Snow in March?! More likely than you’d think, and Haus of Ruckus’ newest comedy offering has bouts of snow, cryptids, and Colorado mountaineers.
Are We There Yeti?, written and helmed by Calvin Vo & T. Green and currently being staged in St. Ambrose University's Black Box Theatre, follows best buds Johnny Ruckus and Auntie Fungus as they urgently travel through wintry Colorado mountains to aid Fungus’ father. The plot includes many restless mountaineers, mountain animals, the Jack in the Box fast-food chain, and more, and in true Haus of Ruckus fashion, it is original and unexpected.
I haven't seen all of Haus of Ruckus’ productions, but from what I know, their comedy is revered for its laugh-out-loud moments, interesting characters, and wildly clever writing. Most of Sunday night’s performance held true to this, although I found the comedic energy that I came to the show expecting falling flat at times. Shortening the play and working further on the actors' comedic timing might have helped. There's a point at which too much random can get in the way of a followable story, and there were moments during the performance that crept into this territory.
Don’t get me wrong, though – Yeti was still entertaining, and definitely worth seeing. The characters and plot were blissfully ridiculous, the production design polished, and the ensemble of artists well-worth mountain-traversing and Sasquatch-hunting with.
Portraying Johnny and Fungus, as always, are Ruckus' artistic-director duo of Vo and Green, whose love for this group and comedic flair never fails, and showed in their performances. I could talk about their routines endlessly, but one of my favorite bits from this play involved Fungus’ fanny pack. Green wore a pair of thick winter gloves, and watching Fungus struggle to open his fanny pack was funny enough. But then his pulling out a sandwich bag of “trail mix…?” – which, according to Fungus, is just nacho cheese and jelly beans – was even stranger. Moments like this are why Haus of Ruckus never gets old, and why their shows are arguably among the most unique artistic experiences the QCA sees.
A frequent Ruckus cameo performer is Terry Green, father of T., and in this production, the man plays the hugely important role of Sasquatch, which he nailed. (T.’s mother Leslie Ross also makes a surprise appearance.) Max Robnett's mountain ranger Officer Gordy was an awkward and fun character in the mix. The actor delivered a great deal of dry humor, situational comedy, and fun one-liners – and his interactions with T. and Calvin are always stellar. Meanwhile, a unique factor to this specific Ruckus comedy was its inclusion of SAU students, whose presences may have been what made the show feel different for me, but it was cool seeing more faces and talent in the group.
Yeti's posse of mountaineers included many Ambrose students, as well as and some alumni who have frequented previous Ruckus shows. David Weaver's Andy Nortnik is a conspiracy theorist who's bothered by the rest of the mountaineer gang; the performer's energy and presence onstage is exciting, and his interactions with fellow actors (and puppets!) steady throughout. Smithy, one of the core mountaineers on the hunt for Sasquatch, is portrayed by Beckett Conwell, who also takes on other various roles (including an antler-man puppet designed by Vo). And Sarah Goodall's boldness as Colorado Marge contrasted hilariously with Joseph Lasher's Bill Shy. Lasher’s role was minimal, but the actor stole scenes, and you'll just have to witness for yourself his control of noise, movement, and (few) words.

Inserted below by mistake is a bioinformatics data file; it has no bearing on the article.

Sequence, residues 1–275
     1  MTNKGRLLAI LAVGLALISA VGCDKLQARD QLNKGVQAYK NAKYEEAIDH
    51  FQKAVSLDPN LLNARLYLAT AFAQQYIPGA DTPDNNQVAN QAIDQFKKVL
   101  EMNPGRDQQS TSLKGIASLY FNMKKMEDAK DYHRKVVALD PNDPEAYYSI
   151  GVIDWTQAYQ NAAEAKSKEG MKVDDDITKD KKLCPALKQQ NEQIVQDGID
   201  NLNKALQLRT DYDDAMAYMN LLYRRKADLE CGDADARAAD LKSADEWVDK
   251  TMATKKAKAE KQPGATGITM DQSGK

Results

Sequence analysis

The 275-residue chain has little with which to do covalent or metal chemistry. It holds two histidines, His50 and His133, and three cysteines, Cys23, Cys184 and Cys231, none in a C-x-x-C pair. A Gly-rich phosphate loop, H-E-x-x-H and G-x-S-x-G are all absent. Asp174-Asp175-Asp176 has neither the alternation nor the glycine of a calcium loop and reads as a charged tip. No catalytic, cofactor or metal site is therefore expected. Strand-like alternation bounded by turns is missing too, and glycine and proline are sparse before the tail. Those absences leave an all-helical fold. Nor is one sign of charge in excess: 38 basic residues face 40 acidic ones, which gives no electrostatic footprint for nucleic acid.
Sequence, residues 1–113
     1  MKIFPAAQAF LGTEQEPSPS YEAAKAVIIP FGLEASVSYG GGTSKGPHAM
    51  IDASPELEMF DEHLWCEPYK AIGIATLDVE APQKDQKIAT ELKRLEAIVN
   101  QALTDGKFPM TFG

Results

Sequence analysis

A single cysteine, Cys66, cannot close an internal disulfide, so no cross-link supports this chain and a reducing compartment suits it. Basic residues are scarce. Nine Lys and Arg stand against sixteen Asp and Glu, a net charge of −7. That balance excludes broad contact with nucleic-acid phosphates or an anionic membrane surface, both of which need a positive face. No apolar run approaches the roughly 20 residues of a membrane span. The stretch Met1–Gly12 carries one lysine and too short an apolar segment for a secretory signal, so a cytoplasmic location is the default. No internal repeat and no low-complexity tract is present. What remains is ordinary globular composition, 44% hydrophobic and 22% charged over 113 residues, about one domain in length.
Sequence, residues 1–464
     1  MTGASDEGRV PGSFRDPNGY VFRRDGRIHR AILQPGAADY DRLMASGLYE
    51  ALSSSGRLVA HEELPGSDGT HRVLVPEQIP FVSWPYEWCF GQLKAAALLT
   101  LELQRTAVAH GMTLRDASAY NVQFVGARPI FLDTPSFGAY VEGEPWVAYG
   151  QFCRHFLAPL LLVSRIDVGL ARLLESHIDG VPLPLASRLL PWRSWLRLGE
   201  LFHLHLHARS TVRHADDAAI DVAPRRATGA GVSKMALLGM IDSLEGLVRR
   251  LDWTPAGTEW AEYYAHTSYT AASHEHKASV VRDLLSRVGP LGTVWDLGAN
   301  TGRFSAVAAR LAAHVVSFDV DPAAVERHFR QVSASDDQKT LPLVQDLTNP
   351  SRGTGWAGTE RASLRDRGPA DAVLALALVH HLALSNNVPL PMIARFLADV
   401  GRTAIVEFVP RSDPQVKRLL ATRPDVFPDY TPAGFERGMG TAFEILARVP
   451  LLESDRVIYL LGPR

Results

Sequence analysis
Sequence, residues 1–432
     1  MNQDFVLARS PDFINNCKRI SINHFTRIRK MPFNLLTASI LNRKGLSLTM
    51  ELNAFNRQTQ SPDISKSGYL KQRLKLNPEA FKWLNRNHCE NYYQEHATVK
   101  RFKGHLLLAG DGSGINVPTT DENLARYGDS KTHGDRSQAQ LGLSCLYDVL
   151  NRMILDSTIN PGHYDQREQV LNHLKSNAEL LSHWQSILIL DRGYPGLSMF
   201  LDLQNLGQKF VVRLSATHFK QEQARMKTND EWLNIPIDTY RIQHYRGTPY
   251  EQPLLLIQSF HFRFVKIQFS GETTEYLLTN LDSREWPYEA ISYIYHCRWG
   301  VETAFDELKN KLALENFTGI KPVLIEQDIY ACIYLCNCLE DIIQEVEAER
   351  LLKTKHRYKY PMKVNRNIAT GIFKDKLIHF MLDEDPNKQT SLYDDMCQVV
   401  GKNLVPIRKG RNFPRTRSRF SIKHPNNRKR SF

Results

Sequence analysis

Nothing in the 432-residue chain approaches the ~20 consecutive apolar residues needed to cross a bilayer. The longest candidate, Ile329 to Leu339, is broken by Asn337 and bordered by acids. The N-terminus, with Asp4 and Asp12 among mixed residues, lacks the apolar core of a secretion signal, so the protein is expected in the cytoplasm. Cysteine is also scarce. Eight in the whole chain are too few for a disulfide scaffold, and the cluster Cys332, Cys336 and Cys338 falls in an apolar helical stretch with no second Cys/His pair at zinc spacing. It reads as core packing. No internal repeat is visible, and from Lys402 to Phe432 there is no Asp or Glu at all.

Rounding out the Coloradans are The Mayor (Jo E Vasquez), who goes on a variety of tangents and discoveries and forms an unexpected relationship; Amber (Bella Kuta), a moody teen; Ugly Mike (Drew Dowda), and Wyatt (Ethan Windt), whose mountaineering quips were on-brand; and bit parts and ensemble roles played by Jayden Lebron; and Liz and Kathy (Megan Rohn and Shannon Ryan, respectively), who were TV reporters commenting on Yeti's plot.
After the company's previous productions at Davenport's Mockingbird on Main, it was wonderful seeing Haus of Ruckus perform in a different space. The scenic design by Becky Meissen and Aaron Hook and the latter's lighting design was incredible, establishing some great texture and vibrant, environmental colors. Composed almost entirely of tree flats and a mountain backdrop, the elements moved around on stage tracks to create different scenes, and the backdrop was projected onto beautifully. Haus of Ruckus production design is always simple and professional, which I admire – and the way they created snowstorms and avalanches, here, was inventive and campy.
Some final words on the Haus of Ruckus mode: The state of Tennessee recently put a ban on public drag performances. A lot of theatre-making, however, is strongly connected in drag performance and the freedom of expression onstage, and I deeply appreciate Haus of Ruckus as a highly creative and queer creative space, and their mission of presenting theatre that is inclusive, accepting, and fun is vital and to be valued in our Quad Cities community. I encourage you to continue to laugh with them, support their shows, and enjoy harmless, wildly entertaining performances. The quality of Haus of Ruckus’ work is evident, and Are We There Yeti? is another original hit you won’t want to miss. They’re causing a Ruckus, but in the best possible way.
Are We There Yeti? runs at St. Ambrose University's Black Box Theatre in the Galvin Fine Arts Center (2101 North Gaines Street, Davenport IA) through March 12, and more information and tickets are available by calling (563)333-6251 and visiting ShowTix4U.com.